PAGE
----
Narcissism & Paranoia in the Age of Goethe

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1st Edition

240 x 160 mm. 256pp 11 b&w illustrations.... [In stock in Australia, for immediate delivery]

The first book-length study that examines how literary narcissism in the Age of Goethe intersects with concepts of creativity, language, gender, and national identity, and how major German writers of this period anticipate the formation of what today is recognised as the Freudian concept of narcissism (Herder, Moritz, Goethe, Tieck, Hoffmann).

Long before the Freudian interpretation of narcissism, late 18th-century German writers used the Greek myth of Narcissus to explore the understanding of the self. Narcissism refers to the creation of an idealised image of the self and the desire to merge with this image.

Beginning in the 1770s, writers like Goethe, Herder, Schiller, and Moritz shaped a new bourgeois aesthetics by depicting and working through the discrepancies between their real-life constraints and their idealist ambitions. The literature of the period is highly self-reflective. It provides insights into how writers attempted to contend with uncertainties connected to the loss of faith in a universal order. For the writers of this time, literature became a mirror that reflected their struggle with bourgeois identity.

The study shows that the narcissistic scenario was particularly attractive to 18th-century authors because it could both capture and conceal the contradictions inherent in enlightenment thinking. Failure to reconcile these contradictions, however, can reveal the inadequacies of the self and result in unbearably haunting visions that give way to paranoid delusions. The insecurities and the narcissistic responses expressed in these texts have helped shape ideas about art, language, gender, and national identity in German and Western culture.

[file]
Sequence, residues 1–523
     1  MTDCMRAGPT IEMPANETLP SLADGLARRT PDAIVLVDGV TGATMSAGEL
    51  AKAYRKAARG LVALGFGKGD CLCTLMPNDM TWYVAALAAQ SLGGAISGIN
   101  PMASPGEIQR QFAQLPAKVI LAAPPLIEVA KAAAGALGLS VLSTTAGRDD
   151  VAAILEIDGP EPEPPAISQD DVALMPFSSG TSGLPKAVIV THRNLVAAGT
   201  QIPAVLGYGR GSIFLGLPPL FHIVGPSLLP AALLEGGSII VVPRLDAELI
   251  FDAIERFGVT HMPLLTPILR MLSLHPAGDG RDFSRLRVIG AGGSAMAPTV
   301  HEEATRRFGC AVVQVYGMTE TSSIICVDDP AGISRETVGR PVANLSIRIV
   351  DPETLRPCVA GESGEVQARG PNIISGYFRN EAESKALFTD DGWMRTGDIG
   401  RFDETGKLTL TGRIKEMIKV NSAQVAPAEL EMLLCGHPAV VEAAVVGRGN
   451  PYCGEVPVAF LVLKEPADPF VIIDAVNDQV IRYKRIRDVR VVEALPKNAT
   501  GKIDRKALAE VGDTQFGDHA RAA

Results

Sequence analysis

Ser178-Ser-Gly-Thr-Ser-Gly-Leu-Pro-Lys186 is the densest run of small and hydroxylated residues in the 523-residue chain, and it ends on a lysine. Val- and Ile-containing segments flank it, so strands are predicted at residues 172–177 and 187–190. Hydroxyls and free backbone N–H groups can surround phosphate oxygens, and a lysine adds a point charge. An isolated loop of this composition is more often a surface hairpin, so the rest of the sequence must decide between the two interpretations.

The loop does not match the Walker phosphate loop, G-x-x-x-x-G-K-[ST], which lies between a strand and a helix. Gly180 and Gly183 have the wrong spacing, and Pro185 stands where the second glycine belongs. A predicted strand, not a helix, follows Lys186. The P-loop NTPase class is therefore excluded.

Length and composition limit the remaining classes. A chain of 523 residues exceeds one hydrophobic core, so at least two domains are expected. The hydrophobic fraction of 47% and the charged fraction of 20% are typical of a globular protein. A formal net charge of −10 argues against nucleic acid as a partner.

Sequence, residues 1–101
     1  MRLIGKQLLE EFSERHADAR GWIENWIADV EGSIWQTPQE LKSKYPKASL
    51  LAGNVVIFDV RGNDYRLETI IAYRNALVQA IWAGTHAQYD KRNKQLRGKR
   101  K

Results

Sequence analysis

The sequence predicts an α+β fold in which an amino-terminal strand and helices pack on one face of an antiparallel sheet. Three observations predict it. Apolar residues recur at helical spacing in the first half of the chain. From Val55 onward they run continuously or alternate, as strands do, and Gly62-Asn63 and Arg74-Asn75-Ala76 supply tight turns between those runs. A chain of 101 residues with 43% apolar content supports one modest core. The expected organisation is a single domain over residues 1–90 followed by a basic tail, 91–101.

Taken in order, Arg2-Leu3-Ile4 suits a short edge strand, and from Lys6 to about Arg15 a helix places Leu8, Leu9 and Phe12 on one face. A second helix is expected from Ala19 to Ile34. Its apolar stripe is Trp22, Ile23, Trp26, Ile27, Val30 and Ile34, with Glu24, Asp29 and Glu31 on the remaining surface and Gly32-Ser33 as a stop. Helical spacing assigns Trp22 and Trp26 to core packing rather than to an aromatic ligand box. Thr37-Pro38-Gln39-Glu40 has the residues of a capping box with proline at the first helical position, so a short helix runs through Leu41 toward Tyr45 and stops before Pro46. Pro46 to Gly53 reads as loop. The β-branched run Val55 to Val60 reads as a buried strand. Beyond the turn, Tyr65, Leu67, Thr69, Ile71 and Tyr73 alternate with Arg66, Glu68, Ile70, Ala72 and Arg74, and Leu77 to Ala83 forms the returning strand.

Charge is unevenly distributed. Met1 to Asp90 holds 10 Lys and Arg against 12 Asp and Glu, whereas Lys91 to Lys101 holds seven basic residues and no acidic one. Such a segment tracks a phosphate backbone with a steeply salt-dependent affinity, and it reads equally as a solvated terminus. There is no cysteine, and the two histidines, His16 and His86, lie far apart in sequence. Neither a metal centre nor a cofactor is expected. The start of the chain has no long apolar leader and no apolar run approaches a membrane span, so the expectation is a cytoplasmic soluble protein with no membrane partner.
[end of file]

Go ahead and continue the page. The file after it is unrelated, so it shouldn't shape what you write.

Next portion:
The analyses of poems, narratives, dramas, and critical texts by Moritz, Schiller, Herder, Tieck, Goethe, Lavater, and others shed new light on how progress in the medical, philosophical, and anthropological discourses of the time converge with aesthetic and literary considerations.

The volume illustrates how aspects of Freud's psychology have grown out of notions of subjectivity not confined to the Victorian age, as is often assumed, but with roots in the contradicting values of bourgeois emancipation. These values were passed on and contested in the middle-class family, whose patriarchal structure and ethics have survived the technological and social transformations of the last two hundred years. The masculinist presentations or exclusions of the feminine bear witness to how male authors themselves became enwrapped and even restricted by patriarchal power structures. The autocratic yet also bourgeois traditions both conflicted and conjoined with the incompatible values of modernity. The challenge of reconciling these tensions played out in the dialectic of narcissism and paranoia that has been so richly present in German literature of the past two centuries.

Alexander Mathas is Associate Professor of German at the University of Oregon.
^ Literary Criticism ^


SKU 9780874130140
Barcode # 9780874130140
Brand AUP
Artist / Author Alexander MATHAS

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